Deron Williams and Joe Johnson each had 24 points, Paul Pierce scored nine of his 15 points in the final quarter and the Nets beat the Raptors 94-87 Saturday in Game 1 of their first round series.
Playing in his 137th career postseason game, Pierce connected on four of his five shot attempts in the fourth as the Nets kept the Raptors at bay.
"You just get that feeling, you’ve been in those situations a number of times," Pierce said. "I don’t get rattled in the fourth quarter, down the stretch or in playoff settings. I’ve been in pretty much every playoff setting that you can imagine. I just try to stay calm and bring my calmness to the game."
Nets coach Jason Kidd said Williams "set the tone" by scoring 18 points in the first half.
"He came out with high energy," Kidd said. "I thought he was looking to be aggressive in scoring the ball. He got the guys off to a good start."
Shaun Livingston scored 10 points and Kevin Garnett had five as the Nets won despite making 4 of 24 3-pointers.
"We didn’t shoot well from 3 tonight but we made up for that by taking care of the ball, good defense down the stretch, making plays offensively," Williams said. "That’s why we got the win."
The Nets turned the ball over nine times, while the Raptors had 19, leading to 17 Brooklyn points.
"That was the biggest issue," Toronto coach Dwane Casey said.
Kyle Lowry scored 22 points and Jonas Valanciunas had 17 points and 18 rebounds for the Raptors.
Valanciunas is the second Raptors player to have a double-double in his postseason debut. Tracy McGrady had 25 points and 10 rebounds against New York in his first playoff game in 2000.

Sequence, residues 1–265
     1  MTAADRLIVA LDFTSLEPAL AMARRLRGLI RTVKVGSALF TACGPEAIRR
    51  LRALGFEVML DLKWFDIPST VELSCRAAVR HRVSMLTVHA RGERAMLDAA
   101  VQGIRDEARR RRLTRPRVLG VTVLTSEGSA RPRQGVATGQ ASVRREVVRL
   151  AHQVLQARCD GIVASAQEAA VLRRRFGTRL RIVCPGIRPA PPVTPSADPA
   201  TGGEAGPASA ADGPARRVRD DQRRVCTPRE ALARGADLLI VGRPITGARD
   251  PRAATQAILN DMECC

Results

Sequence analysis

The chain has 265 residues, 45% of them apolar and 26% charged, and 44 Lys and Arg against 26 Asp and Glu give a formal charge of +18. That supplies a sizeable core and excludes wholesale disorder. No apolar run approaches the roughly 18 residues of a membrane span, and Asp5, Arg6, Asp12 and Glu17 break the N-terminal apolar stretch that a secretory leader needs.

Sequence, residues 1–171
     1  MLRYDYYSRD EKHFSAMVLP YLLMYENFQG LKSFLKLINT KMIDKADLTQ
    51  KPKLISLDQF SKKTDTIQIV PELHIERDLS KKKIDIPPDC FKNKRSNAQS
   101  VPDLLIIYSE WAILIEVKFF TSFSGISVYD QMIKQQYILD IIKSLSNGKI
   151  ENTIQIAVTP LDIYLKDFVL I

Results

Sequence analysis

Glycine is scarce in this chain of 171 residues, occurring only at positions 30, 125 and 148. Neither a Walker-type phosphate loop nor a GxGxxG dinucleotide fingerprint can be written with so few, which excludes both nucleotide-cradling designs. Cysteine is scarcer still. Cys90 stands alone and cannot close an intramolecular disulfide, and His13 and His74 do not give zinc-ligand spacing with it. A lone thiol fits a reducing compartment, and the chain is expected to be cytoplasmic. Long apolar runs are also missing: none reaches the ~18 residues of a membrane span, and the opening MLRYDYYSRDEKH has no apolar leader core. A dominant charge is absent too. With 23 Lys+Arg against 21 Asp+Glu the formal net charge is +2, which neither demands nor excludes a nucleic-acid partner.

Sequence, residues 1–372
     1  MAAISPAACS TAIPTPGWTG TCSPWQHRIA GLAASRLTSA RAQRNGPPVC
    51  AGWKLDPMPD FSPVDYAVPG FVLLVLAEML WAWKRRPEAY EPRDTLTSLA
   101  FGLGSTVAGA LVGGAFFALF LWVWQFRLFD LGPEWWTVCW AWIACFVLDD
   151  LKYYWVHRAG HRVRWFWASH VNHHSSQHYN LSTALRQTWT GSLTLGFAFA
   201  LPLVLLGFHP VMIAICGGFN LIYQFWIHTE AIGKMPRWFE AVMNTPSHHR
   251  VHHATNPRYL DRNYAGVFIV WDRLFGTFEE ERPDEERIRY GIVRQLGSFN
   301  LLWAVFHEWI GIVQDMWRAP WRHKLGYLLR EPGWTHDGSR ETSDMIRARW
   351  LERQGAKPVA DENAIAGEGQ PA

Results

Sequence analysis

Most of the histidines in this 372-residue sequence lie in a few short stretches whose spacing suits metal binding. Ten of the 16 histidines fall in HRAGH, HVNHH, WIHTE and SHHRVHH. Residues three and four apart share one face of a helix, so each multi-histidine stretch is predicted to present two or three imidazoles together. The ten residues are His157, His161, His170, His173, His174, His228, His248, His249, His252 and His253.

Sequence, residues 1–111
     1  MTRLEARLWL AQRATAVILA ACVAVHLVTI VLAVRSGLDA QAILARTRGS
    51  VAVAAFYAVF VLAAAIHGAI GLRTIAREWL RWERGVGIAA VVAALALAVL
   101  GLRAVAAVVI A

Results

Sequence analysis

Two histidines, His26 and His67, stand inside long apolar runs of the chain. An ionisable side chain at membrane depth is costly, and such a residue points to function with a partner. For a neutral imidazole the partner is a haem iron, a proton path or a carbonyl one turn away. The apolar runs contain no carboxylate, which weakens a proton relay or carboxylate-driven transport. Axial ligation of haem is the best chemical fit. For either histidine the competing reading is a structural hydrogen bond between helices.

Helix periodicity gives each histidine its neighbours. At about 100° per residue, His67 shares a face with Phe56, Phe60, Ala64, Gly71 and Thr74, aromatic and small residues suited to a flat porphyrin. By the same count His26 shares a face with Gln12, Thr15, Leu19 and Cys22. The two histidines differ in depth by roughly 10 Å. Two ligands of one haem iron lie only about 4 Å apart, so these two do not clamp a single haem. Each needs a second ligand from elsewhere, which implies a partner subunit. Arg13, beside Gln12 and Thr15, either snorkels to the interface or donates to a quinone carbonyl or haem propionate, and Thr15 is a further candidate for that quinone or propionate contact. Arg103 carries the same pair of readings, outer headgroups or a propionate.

"He grew up today and that was huge for us," Casey said.
Valanciunas also set a Raptors record for playoff rebounds by surpassing Keon Clark, who had 16 against Detroit in 2002.
Greivis Vasquez had 18 points for the Raptors and DeMar DeRozan had 14 in his playoff debut, making three of 14 field goal attempts.
"DeMar didn’t have the best of games" Lowry said. "He’ll bounce back for sure."
The game was delayed midway through the third quarter when the shot clocks above each basket malfunctioned. Play eventually resumed with both clocks still dark, and the stadium announcer marking the remaining time at 10 seconds, then counting down from five before saying ‘Horn’ as time expired. The clocks remained inactive for the rest of the game.
"It was definitely tough because you’re used to looking up to see the time," DeRozan said. "We just tried to help each other out when the announcer called down from 10 seconds."
In a written statement, Raptors ownership blamed the outage on a "signal path failure" that also affected the backup clocks. The team said new cables will be installed and inspected by the league before Game 2 on Tuesday night.
Vasquez called Tuesday’s game "a must-win" for the Raptors.
Trailing by five to start the final quarter, Toronto tied it at 67-67 with 9:50 left thanks to a 3 and a fast break layup from Patrick Patterson.
Brooklyn moved back in front thanks to four points from Livingston and a banked jumper by Mirza Teletovic, but the Raptors tied it at 73-73 with 6:25 left on Lowry’s driving layup.
Toronto led 77-76 on a 3 by Vasquez at 5:15, but the Nets replied with a jumper by Johnson, a turnaround jumper by Garnett and a 3 by Pierce to lead 82-76 with 2:58 remaining. Garnett’s basket was his first made field goal in five tries.
Kidd said Pierce’s assist on Garnett’s basket was indicative of Brooklyn’s collective trust.
"That just symbolized who we are as a team, that we trust one another no matter what someone is shooting from the floor, how someone is playing, that we all trust that someone is going to step up and make a shot," Kidd said.
Pierce added two more baskets on either side of a 3 by Vasquez, and the Nets sealed it with six free throws in the final 22 seconds.